For five and a bit months across the country, this pattern prevails. Some make the teas, traditionally they are tea ladies, more recently not so much. Many will have little interest or concern, but will drive past a village green filled with cricketers and know that a traditional element of their national character is being played out in front of them. Like Morris Dancing, they may not wish to be part of it themselves, they may even sneer at those who do it, but it is a precious part of national consciousness. John Major was laughed at for his references to it, but as definitions of a desired national character go, there are many worse that could be chosen.
Each week the same group, always a small number of people in any club, go through the same process. They prepare, they work, they give up their time for no other reason than a deep seated love for a sport. Even within their own organisation there aren’t enough of them, they do several jobs not just one. Sometimes they may get frustrated at the lack of respect they get for the contribution they make, but they do so not for fame or fortune and not for recognition, but because it needs to be done and if they don’t do it, then who will?
The rarefied atmosphere of the highest level of any sport is a world away from the day to day that makes up virtually all of the game. Yet professional sport relies on the amateur to a far greater extent than the other way around, even though they both need the other for it to flourish. But take away professional cricket, and the game would survive. Take away amateur cricket and there is simply no game at all, which is why the dismissive behaviour towards it remains one of the more despicable attitudes pervading the corridors of power. They deny it, but all involved know it is there – the ECB won’t even give the “recreational game” as they put it, elected representation to their organisation. That is the reason this band of brothers and sisters quietly get on with things, with little help, and less interest from above.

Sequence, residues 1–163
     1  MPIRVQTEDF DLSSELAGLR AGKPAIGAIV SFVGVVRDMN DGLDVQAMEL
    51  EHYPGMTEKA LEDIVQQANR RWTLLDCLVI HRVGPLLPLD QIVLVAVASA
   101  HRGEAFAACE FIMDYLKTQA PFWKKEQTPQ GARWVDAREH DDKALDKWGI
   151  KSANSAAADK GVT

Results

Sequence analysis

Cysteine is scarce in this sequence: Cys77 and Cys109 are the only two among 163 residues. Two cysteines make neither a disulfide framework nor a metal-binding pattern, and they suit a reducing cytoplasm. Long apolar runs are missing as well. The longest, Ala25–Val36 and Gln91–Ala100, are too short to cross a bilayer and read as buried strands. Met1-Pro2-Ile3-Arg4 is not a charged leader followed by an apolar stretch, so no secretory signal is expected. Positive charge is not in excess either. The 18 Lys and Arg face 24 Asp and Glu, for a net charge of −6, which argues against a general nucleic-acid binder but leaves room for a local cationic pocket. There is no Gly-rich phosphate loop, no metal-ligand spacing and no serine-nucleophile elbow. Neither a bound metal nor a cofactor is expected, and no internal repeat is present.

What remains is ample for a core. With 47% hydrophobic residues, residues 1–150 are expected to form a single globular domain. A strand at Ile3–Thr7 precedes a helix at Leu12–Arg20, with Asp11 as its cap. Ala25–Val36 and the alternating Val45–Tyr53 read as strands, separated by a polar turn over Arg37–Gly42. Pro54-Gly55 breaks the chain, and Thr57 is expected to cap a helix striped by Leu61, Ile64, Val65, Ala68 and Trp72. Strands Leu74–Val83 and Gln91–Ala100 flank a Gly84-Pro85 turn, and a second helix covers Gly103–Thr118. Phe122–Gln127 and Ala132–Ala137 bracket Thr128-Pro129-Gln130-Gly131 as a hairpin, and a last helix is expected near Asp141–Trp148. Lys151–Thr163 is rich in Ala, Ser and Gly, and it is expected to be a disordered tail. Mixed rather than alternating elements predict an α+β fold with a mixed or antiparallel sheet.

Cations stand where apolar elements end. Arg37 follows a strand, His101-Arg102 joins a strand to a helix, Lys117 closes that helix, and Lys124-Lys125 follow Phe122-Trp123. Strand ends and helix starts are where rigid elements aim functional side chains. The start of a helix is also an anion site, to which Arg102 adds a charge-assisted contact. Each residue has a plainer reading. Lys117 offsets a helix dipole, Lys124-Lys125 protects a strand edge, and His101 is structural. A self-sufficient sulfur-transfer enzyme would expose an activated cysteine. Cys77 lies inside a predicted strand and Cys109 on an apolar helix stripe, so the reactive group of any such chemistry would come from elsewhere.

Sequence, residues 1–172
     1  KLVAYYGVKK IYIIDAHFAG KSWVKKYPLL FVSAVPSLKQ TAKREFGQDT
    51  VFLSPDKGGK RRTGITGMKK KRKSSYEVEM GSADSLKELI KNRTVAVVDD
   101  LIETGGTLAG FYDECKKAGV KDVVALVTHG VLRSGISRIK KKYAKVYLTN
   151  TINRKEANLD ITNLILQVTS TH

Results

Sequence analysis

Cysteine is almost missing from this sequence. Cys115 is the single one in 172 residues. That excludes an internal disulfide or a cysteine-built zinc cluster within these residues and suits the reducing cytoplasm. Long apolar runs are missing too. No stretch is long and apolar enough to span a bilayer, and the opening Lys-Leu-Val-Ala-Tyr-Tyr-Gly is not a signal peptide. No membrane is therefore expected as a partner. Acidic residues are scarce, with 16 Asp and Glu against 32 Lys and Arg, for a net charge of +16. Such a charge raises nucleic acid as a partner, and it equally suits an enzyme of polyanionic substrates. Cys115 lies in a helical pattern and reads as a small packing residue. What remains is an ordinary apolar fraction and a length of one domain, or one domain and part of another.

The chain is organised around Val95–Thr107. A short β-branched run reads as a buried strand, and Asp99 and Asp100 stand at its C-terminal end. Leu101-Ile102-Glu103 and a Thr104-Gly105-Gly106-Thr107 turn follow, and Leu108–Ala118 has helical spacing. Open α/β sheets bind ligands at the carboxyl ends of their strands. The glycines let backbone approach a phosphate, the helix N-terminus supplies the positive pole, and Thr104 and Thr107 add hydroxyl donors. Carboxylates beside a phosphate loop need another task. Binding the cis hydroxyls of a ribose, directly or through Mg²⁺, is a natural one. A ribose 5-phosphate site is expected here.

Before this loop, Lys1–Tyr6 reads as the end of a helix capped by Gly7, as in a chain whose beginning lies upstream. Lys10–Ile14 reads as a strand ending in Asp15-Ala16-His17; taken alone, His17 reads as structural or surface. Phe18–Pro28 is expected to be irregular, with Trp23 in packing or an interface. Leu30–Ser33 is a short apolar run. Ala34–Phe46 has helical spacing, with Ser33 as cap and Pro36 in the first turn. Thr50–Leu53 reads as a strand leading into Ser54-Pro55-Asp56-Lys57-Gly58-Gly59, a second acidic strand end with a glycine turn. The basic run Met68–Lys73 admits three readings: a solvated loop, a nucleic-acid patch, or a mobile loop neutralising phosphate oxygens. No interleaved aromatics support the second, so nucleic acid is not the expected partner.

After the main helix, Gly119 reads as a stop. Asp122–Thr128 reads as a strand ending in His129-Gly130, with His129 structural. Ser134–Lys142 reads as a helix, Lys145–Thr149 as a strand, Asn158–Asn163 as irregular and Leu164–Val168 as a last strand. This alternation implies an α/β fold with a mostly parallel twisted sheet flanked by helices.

These people do it all. They are the backbone without whom nothing, nothing at all, would exist. They are a minority within a minority, they provide everything and in return get little except perhaps personal satisfaction for making a contribution to society. They are denied the right to even see their chosen sport at the top level without paying again for the privilege, they are belittled and even laughed at. Decisions are taken that make their lives just that little bit harder, and their response is to give even more time, and make even greater efforts, for no reason other than they feel it is the right thing to do, and that it matters.
Cricket is a sport first and foremost. It isn’t a business, and it isn’t the opportunity to make vast amounts of money. That may be a by product for a chosen few, but it is not the driver, it is not the raison d’etre, and those who behave as though it is should be ashamed. Those who allow it to happen should be even more ashamed, for they could speak up yet do not do so. They betray the work done across the country, across the world, to provide a background for all those who care little for their efforts to exploit.
These are the obsessives. The fanatics who move heaven and earth to ensure there is something for successive generations to complain about. They do it in many different ways, from the park in the city centre to the village Common. They support, morally and financially, all rungs of the game, and they provide the base interest that in turn creates the next level, be it County Championship, T20 or 50 over.
Yes, Mr Harrison, they are obsessives. Every single one of them. And you should get down on your knees and thank them for their very existence. And so should we all.
Brilliant piece of writing. Thank you TLG.
From the idyll and the truth behind our game’s real needs
To the idiots of the ECB and their blind greed
Thanks Leggie – an enjoyably sad read
Thank you TLG, an inspired and truthful piece!
Wow. That last paragraph. A million times yes.
Send it in to the Sports Editor at The Guardian. This piece deserves a much wider audience. Bravo.